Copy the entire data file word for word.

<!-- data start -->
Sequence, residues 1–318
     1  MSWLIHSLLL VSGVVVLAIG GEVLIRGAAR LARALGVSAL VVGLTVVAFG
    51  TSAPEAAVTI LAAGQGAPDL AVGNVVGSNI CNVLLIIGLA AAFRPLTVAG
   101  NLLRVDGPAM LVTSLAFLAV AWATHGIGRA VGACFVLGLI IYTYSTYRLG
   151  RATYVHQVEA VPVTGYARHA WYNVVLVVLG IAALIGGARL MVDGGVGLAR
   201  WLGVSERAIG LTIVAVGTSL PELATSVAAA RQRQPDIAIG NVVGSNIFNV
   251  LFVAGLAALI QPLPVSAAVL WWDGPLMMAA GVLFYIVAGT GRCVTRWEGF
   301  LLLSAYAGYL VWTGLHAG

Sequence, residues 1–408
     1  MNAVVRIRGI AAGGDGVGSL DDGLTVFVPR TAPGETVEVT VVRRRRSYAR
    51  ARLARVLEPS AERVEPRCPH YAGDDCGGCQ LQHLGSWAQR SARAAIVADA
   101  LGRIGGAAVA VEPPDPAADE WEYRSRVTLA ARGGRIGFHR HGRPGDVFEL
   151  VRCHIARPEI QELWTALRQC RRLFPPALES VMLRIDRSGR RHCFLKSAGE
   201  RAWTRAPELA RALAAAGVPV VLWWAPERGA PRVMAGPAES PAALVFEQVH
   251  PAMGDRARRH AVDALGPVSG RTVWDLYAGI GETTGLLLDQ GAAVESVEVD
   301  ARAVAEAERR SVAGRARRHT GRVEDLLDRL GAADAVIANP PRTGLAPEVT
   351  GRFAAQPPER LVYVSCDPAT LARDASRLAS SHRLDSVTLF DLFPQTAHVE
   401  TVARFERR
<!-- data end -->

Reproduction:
Sequence, residues 1–318
     1  MSWLIHSLLL VSGVVVLAIG GEVLIRGAAR LARALGVSAL VVGLTVVAFG
    51  TSAPEAAVTI LAAGQGAPDL AVGNVVGSNI CNVLLIIGLA AAFRPLTVAG
   101  NLLRVDGPAM LVTSLAFLAV AWATHGIGRA VGACFVLGLI IYTYSTYRLG
   151  RATYVHQVEA VPVTGYARHA WYNVVLVVLG IAALIGGARL MVDGGVGLAR
   201  WLGVSERAIG LTIVAVGTSL PELATSVAAA RQRQPDIAIG NVVGSNIFNV
   251  LFVAGLAALI QPLPVSAAVL WWDGPLMMAA GVLFYIVAGT GRCVTRWEGF
   301  LLLSAYAGYL VWTGLHAG

Sequence, residues 1–408
     1  MNAVVRIRGI AAGGDGVGSL DDGLTVFVPR TAPGETVEVT VVRRRRSYAR
    51  ARLARVLEPS AERVEPRCPH YAGDDCGGCQ LQHLGSWAQR SARAAIVADA
   101  LGRIGGAAVA VEPPDPAADE WEYRSRVTLA ARGGRIGFHR HGRPGDVFEL
   151  VRCHIARPEI QELWTALRQC RRLFPPALES VMLRIDRSGR RHCFLKSAGE
   201  RAWTRAPELA RALAAAGVPV VLWWAPERGA PRVMAGPAES PAALVFEQVH
   251  PAMGDRARRH AVDALGPVSG RTVWDLYAGI GETTGLLLDQ GAAVESVEVD
   301  ARAVAEAERR SVAGRARRHT GRVEDLLDRL GAADAVIANP PRTGLAPEVT
   351  GRFAAQPPER LVYVSCDPAT LARDASRLAS SHRLDSVTLF DLFPQTAHVE
   401  TVARFERR